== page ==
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How To Calculate & Avoid Medicare Late Enrollment Penalties

How To Calculate & Avoid Medicare Late Enrollment Penalties

For many people it comes as a surprise that there are late enrollment penalties associated with Medicare.  Some may delay enrolling in Medicare because they are still working or perhaps thought enrollment happens automatically when one turns 65.  Regardless of the reasoning, it leaves most people wondering why they must pay a penalty.

Medicare penalties vary depending on the part of Medicare (Part A, Part B, or Part D) and how long you delay enrolling.  Here we explore the additional costs associated with late enrollment and how you can avoid these fees to make your Medicare experience as seamless and pain-free as possible.

MEDICARE PART A PENALTY

For most people, Medicare Part A is premium-free as long as you or your spouse have made payroll contributions to Medicare taxes for at least 10 years.  Otherwise, you can still get Part A but you will have to pay a monthly premium.  If you do not enroll in Medicare Part A when you are eligible either during your Initial Enrollment Period (IEP) or a Special Enrollment Period (SEP), then you are considered a late enrollee.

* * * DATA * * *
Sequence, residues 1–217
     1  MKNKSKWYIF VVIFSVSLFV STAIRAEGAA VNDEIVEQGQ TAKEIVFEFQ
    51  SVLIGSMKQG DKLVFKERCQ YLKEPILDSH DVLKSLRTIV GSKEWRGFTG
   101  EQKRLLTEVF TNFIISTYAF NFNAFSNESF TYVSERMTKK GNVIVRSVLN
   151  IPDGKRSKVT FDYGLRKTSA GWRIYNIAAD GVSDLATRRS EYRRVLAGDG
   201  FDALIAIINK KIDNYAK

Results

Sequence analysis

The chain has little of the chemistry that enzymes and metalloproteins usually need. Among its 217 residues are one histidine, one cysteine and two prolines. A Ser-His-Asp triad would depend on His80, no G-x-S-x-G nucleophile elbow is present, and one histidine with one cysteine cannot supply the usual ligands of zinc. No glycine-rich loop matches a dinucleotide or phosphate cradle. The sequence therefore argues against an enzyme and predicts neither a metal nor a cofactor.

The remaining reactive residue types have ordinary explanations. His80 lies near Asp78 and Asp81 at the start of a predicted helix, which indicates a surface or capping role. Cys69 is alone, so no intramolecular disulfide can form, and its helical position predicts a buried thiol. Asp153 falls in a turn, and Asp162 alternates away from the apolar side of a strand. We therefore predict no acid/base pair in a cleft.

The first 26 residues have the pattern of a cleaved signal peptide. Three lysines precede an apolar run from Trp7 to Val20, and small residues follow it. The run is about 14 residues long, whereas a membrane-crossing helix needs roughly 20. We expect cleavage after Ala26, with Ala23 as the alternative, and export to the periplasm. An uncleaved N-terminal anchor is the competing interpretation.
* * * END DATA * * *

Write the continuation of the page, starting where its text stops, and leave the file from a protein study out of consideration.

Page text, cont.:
Note: this penalty may not apply to you if you qualify for a special enrollment period such as if you are still working for an employer who provides health coverage when you become eligible for Medicare.

Part A Penalty = 10% of the current Part A premium amount for twice the number of years you could have had Part A but did not enroll.

Example:
Mr. Jones waited to sign up for Part A two full years after he was eligible.  He’ll have to pay a 10% penalty of the Part A premium for four years.

2018 Part A premium

10% of $422.00

Mr. Jones’s Part A monthly premium for 4 years

$422.00

$42.20

$464.20

Avoiding the Part A Penalty: